As this walk stays within the valley and does not climb any of the hills, it makes for an easy stroll. Along the route back through the Jeker valley, the roads are host to old estates that look like they belong in Jane Austen novels. Traditional pubs and horse stables will become more frequent as you return to the city. Passing by the foot of Sint Pietersberg, this hike ends back in the centre of Maastricht.
📏Walk distance: 9km (roundtrip)
🚲How to get there: A six-minute bike ride from Central Station, or just a few minutes walk from the centre!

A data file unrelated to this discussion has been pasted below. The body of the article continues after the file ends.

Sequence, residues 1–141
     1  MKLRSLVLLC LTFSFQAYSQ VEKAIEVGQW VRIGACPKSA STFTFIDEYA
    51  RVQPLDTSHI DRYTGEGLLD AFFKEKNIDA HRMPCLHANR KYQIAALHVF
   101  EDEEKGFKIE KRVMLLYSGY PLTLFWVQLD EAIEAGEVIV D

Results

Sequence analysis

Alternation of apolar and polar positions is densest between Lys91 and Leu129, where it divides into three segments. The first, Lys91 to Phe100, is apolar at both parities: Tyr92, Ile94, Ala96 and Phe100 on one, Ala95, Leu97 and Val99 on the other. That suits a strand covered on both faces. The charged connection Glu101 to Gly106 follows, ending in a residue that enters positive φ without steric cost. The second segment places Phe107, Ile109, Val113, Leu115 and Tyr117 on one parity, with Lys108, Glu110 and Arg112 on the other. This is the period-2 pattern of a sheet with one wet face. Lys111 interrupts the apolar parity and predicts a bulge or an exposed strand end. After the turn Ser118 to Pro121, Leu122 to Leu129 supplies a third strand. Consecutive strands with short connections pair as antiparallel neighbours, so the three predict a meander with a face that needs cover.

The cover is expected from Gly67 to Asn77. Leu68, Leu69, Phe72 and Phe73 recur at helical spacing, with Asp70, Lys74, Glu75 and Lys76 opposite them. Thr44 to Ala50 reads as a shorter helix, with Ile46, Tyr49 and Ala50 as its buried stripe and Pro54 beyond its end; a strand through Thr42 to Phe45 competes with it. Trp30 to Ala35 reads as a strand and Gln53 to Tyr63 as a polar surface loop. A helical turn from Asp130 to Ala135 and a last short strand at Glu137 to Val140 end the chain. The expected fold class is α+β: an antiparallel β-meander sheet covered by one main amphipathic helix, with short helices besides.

📍Starting point: Vrijthof, Maastricht centre
🗺Route: Make your way past Waldeckpark and follow Bieslangerweg road out of the city. Once you hit Cannerweg road, you just follow that until you reach the Chateau. On the way back, cross the Jeker river and follow the Mergelweg back into the centre of Maastricht.
After all that walking, you can settle down with something tasty to drink in one of the many gezellig spots in Maastricht. Regardless of which route you choose, the nature and scenery here are sure to satisfy your outdoorsy cravings. Enjoy!
Where in Maastricht would you recommend for a hike? Tell us in the comments below!
Feature Image: @frits.schmitz/Instagram
Editor’s Note: This article was originally published in December 2020, and was fully updated in May 2021 for your reading pleasure.